A petition for certiorari filed in the U.S. Supreme Court seeks a remedy akin to a grant, vacate and remand (GVR) in order to have the lower federal courts properly apply the methodology established by the justices in Liu v. SEC. According to the petition, the district court, issuing its disgorgement order pre-Liu, used a calculation that would no longer be permitted under Liu, which was decided before the Seventh Circuit affirmed the district court’s disgorgement award to the SEC. The petition asks the justices to grant the petition, summarily reverse the Seventh Circuit, and then remand the case to the district court for a reconsideration of the disgorgement issue that is consistent with Liu or otherwise to strike the disgorgement award. Depending on whether a lower court finding is moot, the petition added, it also may be necessary for the SEC to show that it would be infeasible to distribute any disgorgement award to harmed investors (Goulding v. SEC, January 20, 2023).
Adviser Act allegations. Petitioner Randall Goulding became the target of an SEC enforcement action in 2009 in which the SEC alleged that Goulding violated numerous provisions of the Investment Adviser’s Act. Specifically, the petition recounts that the SEC claimed Goulding failed to keep accurate books and records, facilitated loans and other transfers of funds to third parties, used some funds for his personal use, facilitated valuation errors, and produced inaccurate quarterly reports.
The district court, in 2019, after holding a bench trial, found Goulding liable for the SEC’s civil charges. The district court also awarded the SEC disgorgement based on a calculation that relied on the difference between certain deposits and withdrawals, thus resulting in a disgorgement award of $642,422. In 2022, several years post-Liu, the Seventh Circuit affirmed the district court.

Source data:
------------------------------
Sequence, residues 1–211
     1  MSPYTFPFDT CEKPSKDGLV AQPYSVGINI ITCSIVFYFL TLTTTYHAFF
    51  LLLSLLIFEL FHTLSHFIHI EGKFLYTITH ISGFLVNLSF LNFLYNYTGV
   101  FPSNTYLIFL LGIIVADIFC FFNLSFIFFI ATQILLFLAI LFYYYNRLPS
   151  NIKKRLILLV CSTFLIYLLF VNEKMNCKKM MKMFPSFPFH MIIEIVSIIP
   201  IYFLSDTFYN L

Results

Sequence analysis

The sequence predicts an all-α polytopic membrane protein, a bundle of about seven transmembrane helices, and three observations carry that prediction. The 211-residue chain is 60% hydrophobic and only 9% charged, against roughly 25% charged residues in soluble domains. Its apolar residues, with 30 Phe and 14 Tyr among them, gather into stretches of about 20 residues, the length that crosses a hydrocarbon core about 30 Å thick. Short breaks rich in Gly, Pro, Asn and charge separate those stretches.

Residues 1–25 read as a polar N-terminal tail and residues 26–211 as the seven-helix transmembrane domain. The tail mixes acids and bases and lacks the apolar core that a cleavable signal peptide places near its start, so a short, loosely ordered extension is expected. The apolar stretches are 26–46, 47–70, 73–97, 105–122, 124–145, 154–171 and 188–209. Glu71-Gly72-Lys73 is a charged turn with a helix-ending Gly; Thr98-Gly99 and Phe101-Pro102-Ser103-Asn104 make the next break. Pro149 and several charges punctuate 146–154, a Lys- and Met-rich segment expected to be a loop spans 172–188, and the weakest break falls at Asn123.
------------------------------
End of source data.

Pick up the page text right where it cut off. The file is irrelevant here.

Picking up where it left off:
Net profits ignored? According to the petition, the disgorgement award ran afoul of the Supreme Court’s Liu opinion because it failed to account for both the net profits and investor benefit prongs of Lui’s methodology for calculating disgorgement amounts that are not penalties. The petition recited that, under Liu, a non-penalty disgorgement award must: (1) not exceed the defendant’s net profit from wrongdoing; and (2) be awarded for the benefit of investors.
Specifically, the petition asks three interrelated questions:
- Does an award of disgorgement violate the principles announced by the Supreme Court in Liu where the defendant's withdrawals from a business were not linked to alleged wrongdoing in the context of a business that was at least partially legitimate and conducted in a non-fraudulent manner?
- Can a district court shift the burden of calculating the amount of disgorgement to a defendant when the SEC is unable to make the calculation itself?
- Can a district court order disgorgement to be sent to the Treasury when the SEC has not shown the infeasibility of distributing funds to known, aggrieved investors?
With respect to infeasibility, the petition asserted that the district court and the parties are aware of the 328 investors who are individuals and entities that invested with Nutmeg Group as limited partners. As a result, the petition asks for the SEC to be required to provide a plan to distribute disgorged funds to harmed investors or, alternatively, for the SEC to demonstrate that such distribution is infeasible.
The case is No. 22-687.